They know that Monday is more than just a day off, but University of Akron students asked about the confluence of Martin Luther King Jr. Day and the second inauguration of America’s first black president believe it is a bigger deal for their parents than for them.
Perhaps that is because race has not impacted their lives in the way it has for older generations.
“I think there is a big gap between ages … We are more interested in existing together, growing together, learning together … that’s how we know the world,” said Stephanie Mullens, a 21-year-old music major who described herself as half Italian, half Puerto Rican. “I think we have kind of skipped the whole race issue … it was not really an issue for us.”
Despite that perception, a recent Associated Press survey shows that 51 percent of the general population expresses anti-black sentiment. That is up from 48 percent in 2008. Yet young people are more optimistic. When they do think about discrimination, the college students believe that things will get better as their generation matures.
Mullens’ friend, Joshua Austin, a white 25-year-old sports management major, said he is hopeful that all forms of discrimination will diminish.
“It’s the same with any kind of bigotry, even with things like with gay rights,” he said. “People are just beginning to see it’s more accepted in the people around them and so they are less likely to share that in public … The bigots have become the minority instead of the majority, and I think that’s the biggest difference from five years ago.”
Music major Matt McClendon, 18, of Kirtland, who is white, said he has seen changes in himself since coming to the university campus.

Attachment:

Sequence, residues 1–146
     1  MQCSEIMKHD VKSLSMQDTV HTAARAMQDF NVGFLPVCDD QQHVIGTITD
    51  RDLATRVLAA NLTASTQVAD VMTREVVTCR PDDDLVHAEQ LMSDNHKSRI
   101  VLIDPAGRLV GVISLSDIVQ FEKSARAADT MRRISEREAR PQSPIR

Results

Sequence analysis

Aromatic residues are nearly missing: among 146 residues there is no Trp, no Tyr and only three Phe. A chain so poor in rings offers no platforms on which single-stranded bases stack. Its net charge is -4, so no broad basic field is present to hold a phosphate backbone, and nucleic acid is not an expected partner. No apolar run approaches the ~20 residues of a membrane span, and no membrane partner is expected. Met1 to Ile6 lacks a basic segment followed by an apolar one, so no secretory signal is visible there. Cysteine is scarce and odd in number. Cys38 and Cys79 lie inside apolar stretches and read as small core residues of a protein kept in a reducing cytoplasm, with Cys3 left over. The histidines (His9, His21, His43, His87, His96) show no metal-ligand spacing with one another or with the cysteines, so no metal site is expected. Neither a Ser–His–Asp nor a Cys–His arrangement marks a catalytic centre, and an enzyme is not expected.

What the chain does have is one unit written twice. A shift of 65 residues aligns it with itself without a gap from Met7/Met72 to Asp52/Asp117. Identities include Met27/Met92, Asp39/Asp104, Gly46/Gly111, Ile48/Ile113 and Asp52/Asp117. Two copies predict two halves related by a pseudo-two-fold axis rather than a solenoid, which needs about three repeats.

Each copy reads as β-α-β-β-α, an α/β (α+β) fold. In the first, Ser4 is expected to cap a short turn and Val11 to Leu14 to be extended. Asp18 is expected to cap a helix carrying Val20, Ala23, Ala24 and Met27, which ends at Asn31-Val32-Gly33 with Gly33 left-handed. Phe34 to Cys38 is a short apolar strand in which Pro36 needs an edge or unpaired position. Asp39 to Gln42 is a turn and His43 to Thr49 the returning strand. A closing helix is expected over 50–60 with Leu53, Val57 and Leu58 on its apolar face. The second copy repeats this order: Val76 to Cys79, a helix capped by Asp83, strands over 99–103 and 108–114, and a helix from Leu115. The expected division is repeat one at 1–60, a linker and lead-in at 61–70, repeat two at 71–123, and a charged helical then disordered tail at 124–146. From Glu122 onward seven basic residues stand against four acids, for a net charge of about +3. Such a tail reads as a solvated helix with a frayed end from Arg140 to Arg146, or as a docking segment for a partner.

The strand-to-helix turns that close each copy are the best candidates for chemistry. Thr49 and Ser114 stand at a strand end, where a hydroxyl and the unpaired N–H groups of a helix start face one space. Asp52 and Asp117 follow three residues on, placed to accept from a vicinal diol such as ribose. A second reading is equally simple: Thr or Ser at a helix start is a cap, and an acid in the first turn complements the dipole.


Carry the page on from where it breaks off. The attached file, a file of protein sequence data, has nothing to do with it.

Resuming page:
“I think I have started to view the world more differently … that there are more ways to look at things,” he said.
His new vantage point is changing the way he relates to other people.
“I’ve started thinking more openly,” he said. “I’ve started to see my friends as, ‘Maybe I should drift away from these people or help them think more openly,’ because we [as a society] are starting to move away from that closed-minded opinion. And people should at least try to be more open-minded to help the world become a better place.”
Ronald Thompson, 18, of Akron, who is black, said he is rarely a victim of racism. His parents and their peers, on the other hand, have faced discrimination, mostly in the workplace.
“I noticed older people do have a more sensitive touch to racism,” he said.
Thompson worked with a relative on President Barack Obama’s campaign but said he doesn’t talk about politics or race with his friends.
“It’s never been a problem,” he said. “I just never thought about treating someone different or the color of their skin. It just doesn’t seem important.”
Because race is not a focus for his generation, he is enthusiastic about the future.
“I just believe it is going to be better when we get up there,” he said.
Nichole Mosley, a 22-year-old jazz major from Maple Heights, said she learned that her first college roommate didn’t want to live with her because she is black. She believes that some things won’t change and sees little difference in race relations since Obama was elected in 2008, noting that it’s hard to erase hundreds of years of racism.
Jason Ball, 26, of Stow, said he also thinks that race will continue to have some impact on the way people are treated. But racism is not as intense as in the past, he said.
“In white-black relations [interracial relationships], I feel like it’s been more of a norm now … it’s more relaxed” said Ball, who is white.
He does not, however, think that politics (inclusive of the election of the first black president) is the reason for the improvement in race relations. He believes that the more tolerant environments that his generation have experienced have shaped new attitudes and views.
“Most of the changes I’ve seen I don’t think have been due to politics,” he said. “It’s just children being raised by family, the effect church is having, the effect that culture is having.”
Ball’s friend, Cassundra Gillison, 21, of Copley, who is black, said she is cautiously hopeful that race relations will continue to improve.
“I don’t think [racism] will ever go away” — people still make certain comments and have certain reactions but “I think people are realizing it’s time to change.”
Dave Scott can be reached at 330-996-3577 or firstname.lastname@example.org.